11) Develop your own style
“Take into account everything your supervisor has said, attend to their suggestions about revisions to your work but also be true to your own style of writing. What I found constructive was paying attention to the work of novelists I enjoy reading. It may seem that their style has nothing to do with your own field of research, but this does not matter. You can still absorb something of how they write and what makes it effective, compelling and believable.” (Sarah Skyrme, PhD in sociology, Newcastle University)
12) Remember that more is not always better
“A PhD thesis is not a race to the highest page count; don’t waste time padding.” (Francis Woodhouse, PhD in mathematical biology, University of Cambridge)
13) Get a buddy
“Find a colleague, your partner, a friend who is willing to support you. Share with them your milestones and goals, and agree to be accountable to them. This doesn’t mean they get to hassle or nag you, it just means someone else knows what you’re up to, and can help to check if your planning is realistic and achievable.” (Cassandra Steer, PhD in criminology, University of Amsterdam)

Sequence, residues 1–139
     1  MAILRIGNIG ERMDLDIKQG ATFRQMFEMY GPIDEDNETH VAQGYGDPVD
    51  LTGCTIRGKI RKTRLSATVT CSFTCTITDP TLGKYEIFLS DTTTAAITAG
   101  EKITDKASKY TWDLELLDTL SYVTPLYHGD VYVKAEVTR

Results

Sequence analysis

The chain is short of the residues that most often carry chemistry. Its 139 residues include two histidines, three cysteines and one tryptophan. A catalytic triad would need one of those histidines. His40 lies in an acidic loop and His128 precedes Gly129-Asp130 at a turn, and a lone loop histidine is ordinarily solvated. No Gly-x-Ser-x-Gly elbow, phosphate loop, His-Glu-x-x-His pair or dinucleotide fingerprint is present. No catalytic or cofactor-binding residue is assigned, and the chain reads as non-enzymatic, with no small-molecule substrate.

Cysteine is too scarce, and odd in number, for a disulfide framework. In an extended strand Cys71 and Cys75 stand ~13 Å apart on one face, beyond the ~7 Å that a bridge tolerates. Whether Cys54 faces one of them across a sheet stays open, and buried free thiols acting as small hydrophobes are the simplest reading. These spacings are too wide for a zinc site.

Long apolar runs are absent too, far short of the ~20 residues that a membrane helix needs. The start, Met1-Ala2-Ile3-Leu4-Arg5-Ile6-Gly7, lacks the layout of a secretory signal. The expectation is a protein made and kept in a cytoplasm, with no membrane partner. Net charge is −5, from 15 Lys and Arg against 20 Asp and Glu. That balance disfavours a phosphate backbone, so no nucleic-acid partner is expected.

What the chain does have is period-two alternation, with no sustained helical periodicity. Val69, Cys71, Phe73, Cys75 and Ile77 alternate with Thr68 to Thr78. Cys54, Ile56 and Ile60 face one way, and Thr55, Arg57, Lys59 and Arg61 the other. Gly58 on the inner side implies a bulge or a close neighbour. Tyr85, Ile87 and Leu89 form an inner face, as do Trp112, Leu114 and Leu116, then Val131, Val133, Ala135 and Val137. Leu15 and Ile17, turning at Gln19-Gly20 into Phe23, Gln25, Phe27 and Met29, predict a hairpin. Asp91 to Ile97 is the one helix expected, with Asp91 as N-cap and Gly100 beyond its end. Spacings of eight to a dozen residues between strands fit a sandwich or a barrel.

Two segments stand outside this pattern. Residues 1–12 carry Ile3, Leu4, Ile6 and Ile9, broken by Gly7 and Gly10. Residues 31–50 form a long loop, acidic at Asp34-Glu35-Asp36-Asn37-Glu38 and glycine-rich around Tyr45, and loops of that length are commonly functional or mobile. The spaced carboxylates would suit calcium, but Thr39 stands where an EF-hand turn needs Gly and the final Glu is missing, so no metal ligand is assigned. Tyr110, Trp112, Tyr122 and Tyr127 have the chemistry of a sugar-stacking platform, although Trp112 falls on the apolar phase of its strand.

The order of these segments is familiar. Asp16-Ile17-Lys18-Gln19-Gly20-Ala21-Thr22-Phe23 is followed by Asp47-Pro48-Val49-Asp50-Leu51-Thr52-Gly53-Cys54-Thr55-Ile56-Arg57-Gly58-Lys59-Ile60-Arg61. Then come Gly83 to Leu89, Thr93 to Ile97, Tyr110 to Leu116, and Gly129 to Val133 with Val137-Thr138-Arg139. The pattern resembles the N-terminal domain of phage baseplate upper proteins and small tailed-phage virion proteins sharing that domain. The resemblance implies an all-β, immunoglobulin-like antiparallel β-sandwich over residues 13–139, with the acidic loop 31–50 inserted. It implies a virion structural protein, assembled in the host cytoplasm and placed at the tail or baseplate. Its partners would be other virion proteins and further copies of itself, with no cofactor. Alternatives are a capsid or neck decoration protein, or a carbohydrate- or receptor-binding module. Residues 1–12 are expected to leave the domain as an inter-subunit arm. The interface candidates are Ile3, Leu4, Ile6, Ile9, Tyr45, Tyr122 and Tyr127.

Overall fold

14) Don’t pursue perfectionism
“Remember that a PhD doesn’t have to be a masterpiece. Nothing more self-crippling than perfectionism.” (Nathan Waddell, lecturer in modernist literature, Nottingham University)
15) Look after yourself
“Go outside. Work outside if you can. Fresh air, trees and sunshine do wonders for what’s left of your sanity.” (Helen Coverdale, PhD in law, LSE)
• Do you have any tips to add? Share your advice in the comments below.